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By Kyle Mizokami,The National Interest

One of the most popular handguns in the world is a Swiss-German design that traces its origins back to the immediate postwar era.

The Sig P226  is a full-sized weapon that while failing to capture the prize as the Pentagon’s new pistol in the 1980s went on to achieve underdog acclaim as the official handgun of the U.S. Navy SEALs.

In the late 1940s Swiss gunmaker Schweizerische Industrie-Gesellschaft, known by its initials as SIG, introduced a new nine-millimeter handgun using the work of French gun designer Charles Petter. The pistol, known as the SIG 210, used the same locked-breech pattern invented by John Moses Browning in the early part of the twentieth century, particularly with the FN-Browning GP35. Built with Swiss precision and attention to detail, the pistol was adopted by the Swiss Army. It was later redesigned by SIG to be easier to manufacture, resulting in the SIG P220.

In the late 1970s and 1980s, the U.S. Army spearheaded two attempts to procure a new handgun for the U.S. military. The new gun would replace all previous guns, including the M1911A1 .45 ACP handgun but also various types of pistols and revolvers issued to pilots across the armed services. Not only were the older guns wearing out it was harder than necessary to support multiple types of handguns with spare parts and ammunition. One handgun, across all the services, would save money and provide soldiers, sailors, airmen, Marines, and Coast Guard members with the latest in handgun technology.

SIG, which had partnered with the German Sauer gunmaker to access the export market, created the SIG Sauer P226 to participate in the U.S. Army trials. The P226 was developed from the P220 as a smaller, lighter pistol. Unlike the Glock pistols that became popular in the late 1980s, the SIG was an all-steel pistol.

The P226 is a double action handgun, meaning a single pull of the trigger both cocks the gun and releases the hammer. The P226 also drew the automatic firing pin locking system from the SIG P225, which prevents the firing pin from releasing if the pistol were accidentally dropped. The firing pin can only be released by actually pulling the trigger. The pistol is also equipped with a decocking lever that drops the hammer without firing the pistol. The pistol does not have an external safety.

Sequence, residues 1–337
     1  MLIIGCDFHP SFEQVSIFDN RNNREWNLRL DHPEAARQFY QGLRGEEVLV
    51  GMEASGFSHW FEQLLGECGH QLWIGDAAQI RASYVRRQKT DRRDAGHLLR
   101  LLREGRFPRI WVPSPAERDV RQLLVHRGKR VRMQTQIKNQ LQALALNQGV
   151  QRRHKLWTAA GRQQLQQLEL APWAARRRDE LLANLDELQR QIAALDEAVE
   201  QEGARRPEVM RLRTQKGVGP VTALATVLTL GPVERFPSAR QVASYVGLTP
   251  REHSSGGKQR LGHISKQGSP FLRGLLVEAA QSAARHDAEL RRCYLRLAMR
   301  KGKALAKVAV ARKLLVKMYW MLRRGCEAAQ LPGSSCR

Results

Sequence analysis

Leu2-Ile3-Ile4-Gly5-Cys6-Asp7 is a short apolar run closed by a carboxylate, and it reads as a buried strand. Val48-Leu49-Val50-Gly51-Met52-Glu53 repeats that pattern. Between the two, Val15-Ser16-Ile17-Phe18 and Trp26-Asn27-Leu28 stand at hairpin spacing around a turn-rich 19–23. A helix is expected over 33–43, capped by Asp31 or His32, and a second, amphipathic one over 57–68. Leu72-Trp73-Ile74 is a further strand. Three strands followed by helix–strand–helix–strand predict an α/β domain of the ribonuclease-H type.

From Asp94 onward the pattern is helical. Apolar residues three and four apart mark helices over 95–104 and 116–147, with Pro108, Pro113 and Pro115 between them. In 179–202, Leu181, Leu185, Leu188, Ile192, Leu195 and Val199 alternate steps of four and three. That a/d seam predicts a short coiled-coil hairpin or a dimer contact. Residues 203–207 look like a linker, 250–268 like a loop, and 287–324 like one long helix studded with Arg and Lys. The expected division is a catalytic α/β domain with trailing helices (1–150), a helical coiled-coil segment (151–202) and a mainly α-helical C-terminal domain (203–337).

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SIG Sauer’s gun is 7.72 inches long with a 4.41-inch barrel--about typical for a full-sized service handgun. It is 5.5 inches high and weighs twenty-six ounces unloaded. Unlike previous SIG Sauer pistols, the P226 used a two column staggered box magazine, boosting its magazine capacity from nine rounds in the P210 to fifteen rounds in the P226. Muzzle velocity with typical ammunition is in the area of 1,160 feet per second.

The P226 is an all metal handgun, with an alloy frame and stainless steel slide. The frame is hard coat anodized while the slide is finished with Nitron. The result is a pistol designed to withstand the elements, corrosion, and other forms of damage. Modern versions of the pistol are fitted with an M1913 STD Picatinny rail underneath the barrel and forward of the trigger well, for attaching weapon lights and aiming lasers. A recent addition, the P226 RX Legion, features a cut slide to accommodate miniature red dot sights.

The P226 failed to win the U.S. Army contract, losing out to the Beretta M92SD. This occurred despite the fact that the German-Swiss gun proved much more reliable than the Italian Beretta during the trials and indeed had a level of reliability few other contestants. Shortly after adoption, the U.S. Navy SEALs noticed problems with their Berettas, including slides that broke apart on firing, causing injuries to the shooter. The SEALs replaced their Berettas with the P226, calling it the Mark 11 in Navy parlance.

The P226 is an evolution of an earlier design and indisputably one of the best pistols of the twentieth century. Although SIG is now promoting a newer line of striker-fired pistols—that went on to win the 2017 contract to replace the Beretta in U.S. service—the P226 is still a good choice for those that want a semi-automatic handgun with an old-school hammer arrangement.

Kyle Mizokami is a defense and national-security writer based in San Francisco who has appeared in the Diplomat*,* Foreign Policy*,* War is Boring and the Daily Beast*. In 2009, he cofounded the defense and security blog* Japan Security Watch*. You can follow him on Twitter:* @KyleMizokami.

Image: Wikimedia Commons.

This piece was originally published by The National Interest

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